Make sure you tell someone where you're running or how long you're expecting to be out. You just never know what could happen. I always tell Cam my planned distance and what part of town I'm venturing to. Then he knows when to expect me back at home and he can ask me about my run more specifically too when I return. And lastly, it is also important to take ID with you in the very unlikely event of an emergency. I mean, it shouldn't happen if you're cautious. But nothing is guaranteed. I personally dislike carrying cards around with me in my pocket (in a ziplock bag) and save that for days I drive to my running routes and need to have my license. So I have a great alternative you should check out called RoadID. Mine has my name, my personal health ID number, and 3 emergency phone numbers on it. And it's an attractive accessory (mine's red!) and fits well so it's not at all annoying to wear on a long run. I don't even notice it.
Hydration is something people often don't think is as important in the winter because we don't feel thirst in the same way we do in the summer. The thing is that in summer, cold water also cools us down and is refreshing, and so we don't think we need the same thing in winter. WRONG! In fact, hydration is in ways even more important in the winter than in the summer. I'm not going to go into too much detail here as I've recently read an excellent blog article from one of my "dailymile" friends on this very topic. You really should check it out:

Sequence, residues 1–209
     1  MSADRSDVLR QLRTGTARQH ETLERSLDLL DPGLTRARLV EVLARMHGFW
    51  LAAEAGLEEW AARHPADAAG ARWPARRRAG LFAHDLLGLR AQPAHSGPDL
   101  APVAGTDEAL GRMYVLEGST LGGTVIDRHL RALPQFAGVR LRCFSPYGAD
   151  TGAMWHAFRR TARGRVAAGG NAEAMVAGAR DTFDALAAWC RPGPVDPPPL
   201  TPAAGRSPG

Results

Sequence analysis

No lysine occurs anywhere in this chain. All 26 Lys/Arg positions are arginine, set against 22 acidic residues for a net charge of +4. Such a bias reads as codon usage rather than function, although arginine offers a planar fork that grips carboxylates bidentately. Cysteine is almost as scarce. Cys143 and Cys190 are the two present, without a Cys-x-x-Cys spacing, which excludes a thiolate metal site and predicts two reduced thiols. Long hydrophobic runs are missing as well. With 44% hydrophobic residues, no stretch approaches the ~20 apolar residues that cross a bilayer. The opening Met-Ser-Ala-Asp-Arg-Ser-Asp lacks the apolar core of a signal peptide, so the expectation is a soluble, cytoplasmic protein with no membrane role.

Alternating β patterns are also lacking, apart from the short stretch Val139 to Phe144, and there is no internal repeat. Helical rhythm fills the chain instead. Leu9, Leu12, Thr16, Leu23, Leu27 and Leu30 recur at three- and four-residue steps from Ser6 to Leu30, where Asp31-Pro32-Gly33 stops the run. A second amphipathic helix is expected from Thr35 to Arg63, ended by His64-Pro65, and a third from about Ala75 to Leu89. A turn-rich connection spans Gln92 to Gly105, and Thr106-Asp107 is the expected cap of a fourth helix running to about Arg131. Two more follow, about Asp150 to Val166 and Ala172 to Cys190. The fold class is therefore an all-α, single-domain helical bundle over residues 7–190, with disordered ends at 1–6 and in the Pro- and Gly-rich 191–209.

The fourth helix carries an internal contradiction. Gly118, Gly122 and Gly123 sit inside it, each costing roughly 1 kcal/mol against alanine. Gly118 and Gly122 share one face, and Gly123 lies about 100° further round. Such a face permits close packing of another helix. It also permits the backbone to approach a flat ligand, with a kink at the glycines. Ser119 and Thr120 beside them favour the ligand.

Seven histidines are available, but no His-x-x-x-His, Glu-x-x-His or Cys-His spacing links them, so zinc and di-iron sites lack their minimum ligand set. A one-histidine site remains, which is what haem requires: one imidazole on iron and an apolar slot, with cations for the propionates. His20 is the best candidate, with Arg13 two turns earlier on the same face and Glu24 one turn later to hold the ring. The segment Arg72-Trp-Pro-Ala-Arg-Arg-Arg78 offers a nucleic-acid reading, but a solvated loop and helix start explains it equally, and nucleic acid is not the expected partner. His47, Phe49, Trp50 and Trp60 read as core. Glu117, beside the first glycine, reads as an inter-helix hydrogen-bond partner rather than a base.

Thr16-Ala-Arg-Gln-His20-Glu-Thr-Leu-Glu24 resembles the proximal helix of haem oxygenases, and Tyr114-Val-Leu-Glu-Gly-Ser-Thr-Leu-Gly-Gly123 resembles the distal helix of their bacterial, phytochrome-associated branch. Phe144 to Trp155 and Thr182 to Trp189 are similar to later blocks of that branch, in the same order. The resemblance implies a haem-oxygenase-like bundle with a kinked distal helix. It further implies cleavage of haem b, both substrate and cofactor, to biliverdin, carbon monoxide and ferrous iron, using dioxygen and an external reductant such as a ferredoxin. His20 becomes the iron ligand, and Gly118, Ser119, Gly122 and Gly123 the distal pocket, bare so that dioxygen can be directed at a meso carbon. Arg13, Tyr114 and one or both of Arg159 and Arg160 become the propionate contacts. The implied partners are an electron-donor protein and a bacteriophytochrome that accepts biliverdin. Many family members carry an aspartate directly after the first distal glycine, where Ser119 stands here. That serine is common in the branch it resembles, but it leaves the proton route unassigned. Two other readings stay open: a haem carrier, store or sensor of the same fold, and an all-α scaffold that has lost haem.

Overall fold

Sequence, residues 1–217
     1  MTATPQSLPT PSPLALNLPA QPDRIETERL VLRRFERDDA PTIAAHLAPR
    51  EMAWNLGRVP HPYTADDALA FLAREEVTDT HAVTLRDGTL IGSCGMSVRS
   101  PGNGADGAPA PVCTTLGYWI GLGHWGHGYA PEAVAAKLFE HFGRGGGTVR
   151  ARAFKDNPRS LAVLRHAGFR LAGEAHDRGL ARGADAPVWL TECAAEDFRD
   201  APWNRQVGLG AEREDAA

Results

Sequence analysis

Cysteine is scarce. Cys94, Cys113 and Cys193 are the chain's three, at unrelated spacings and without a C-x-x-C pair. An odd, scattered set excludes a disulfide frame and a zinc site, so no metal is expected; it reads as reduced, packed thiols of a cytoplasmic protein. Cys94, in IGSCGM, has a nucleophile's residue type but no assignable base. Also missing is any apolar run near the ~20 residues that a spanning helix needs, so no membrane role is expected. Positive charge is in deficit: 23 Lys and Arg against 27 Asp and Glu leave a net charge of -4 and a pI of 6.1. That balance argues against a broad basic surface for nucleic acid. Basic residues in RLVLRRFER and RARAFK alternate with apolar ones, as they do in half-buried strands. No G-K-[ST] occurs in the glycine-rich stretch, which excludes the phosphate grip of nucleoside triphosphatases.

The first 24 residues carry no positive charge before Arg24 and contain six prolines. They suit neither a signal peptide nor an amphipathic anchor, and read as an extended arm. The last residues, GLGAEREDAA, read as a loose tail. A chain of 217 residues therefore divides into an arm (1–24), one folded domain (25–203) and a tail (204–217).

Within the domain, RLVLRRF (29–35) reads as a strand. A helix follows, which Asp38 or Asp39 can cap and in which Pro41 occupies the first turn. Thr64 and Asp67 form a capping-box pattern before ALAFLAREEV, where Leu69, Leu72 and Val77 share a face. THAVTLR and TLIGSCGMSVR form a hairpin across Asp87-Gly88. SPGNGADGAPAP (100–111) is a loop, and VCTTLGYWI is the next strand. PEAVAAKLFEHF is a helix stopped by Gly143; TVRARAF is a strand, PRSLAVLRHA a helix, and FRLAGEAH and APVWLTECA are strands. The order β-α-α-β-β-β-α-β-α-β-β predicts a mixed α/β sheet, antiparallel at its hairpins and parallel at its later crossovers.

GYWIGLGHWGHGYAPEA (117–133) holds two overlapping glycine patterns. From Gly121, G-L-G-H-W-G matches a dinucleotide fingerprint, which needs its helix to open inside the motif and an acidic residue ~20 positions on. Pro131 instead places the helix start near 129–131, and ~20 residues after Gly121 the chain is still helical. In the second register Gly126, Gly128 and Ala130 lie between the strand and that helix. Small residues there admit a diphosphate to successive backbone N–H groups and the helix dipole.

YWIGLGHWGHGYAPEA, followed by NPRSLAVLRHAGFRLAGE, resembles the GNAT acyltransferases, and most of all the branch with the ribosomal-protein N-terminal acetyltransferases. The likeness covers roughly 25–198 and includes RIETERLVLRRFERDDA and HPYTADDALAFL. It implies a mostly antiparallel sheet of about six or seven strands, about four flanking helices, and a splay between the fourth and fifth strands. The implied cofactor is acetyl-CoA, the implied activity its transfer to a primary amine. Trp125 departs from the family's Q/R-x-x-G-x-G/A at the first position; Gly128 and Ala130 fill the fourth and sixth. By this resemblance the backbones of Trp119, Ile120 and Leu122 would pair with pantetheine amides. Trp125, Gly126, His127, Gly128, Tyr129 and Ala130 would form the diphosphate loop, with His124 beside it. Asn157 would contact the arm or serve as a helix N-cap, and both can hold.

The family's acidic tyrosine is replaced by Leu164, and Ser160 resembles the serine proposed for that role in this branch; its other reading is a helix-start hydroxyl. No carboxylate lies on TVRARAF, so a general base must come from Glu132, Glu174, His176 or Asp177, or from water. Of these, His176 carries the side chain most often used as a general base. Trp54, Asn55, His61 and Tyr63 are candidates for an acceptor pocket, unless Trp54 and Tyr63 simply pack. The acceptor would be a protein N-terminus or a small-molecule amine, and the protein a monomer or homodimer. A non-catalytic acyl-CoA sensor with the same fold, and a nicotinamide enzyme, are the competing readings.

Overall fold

Nutrition Nerd: Cold Weather Exercise and Dehydration
This goes without saying - it's cold outside so bundle up and protect yourself from the cold. But it's important to learn how much you actually need to bundle up so you can stay comfortable. Once you get moving, you'll warm up. The trick is how to stay warm but not get too warm. Experiment and figure out what works for you. Keeping in mind that Vancouver winters are relatively mild, on most days, I wear the following on my winter runs:
- Running tights (form fitted pants keep the wind from getting in!)
- Merino wool socks (they're lightweight and amazing for temperature regulation)
- 2 technical shirts layered - 1 short sleeved shirt underneath 1 long sleeved shirt. I find the layering allows for warmth to get trapped between the shirts and keeps my core nice and cozy
- Gloves - the ones I wear are lightweight so my hands start out cold but get cozy after a few min of running as the heat gets trapped inside. These are them.
- Toque - the one I wear covers my ears perfectly, has a hole in the back for my ponytail to go through (so the toque doesn't fall off when I run, ever!), and it's lined with an absorbant fabric that keeps sweat away from my face.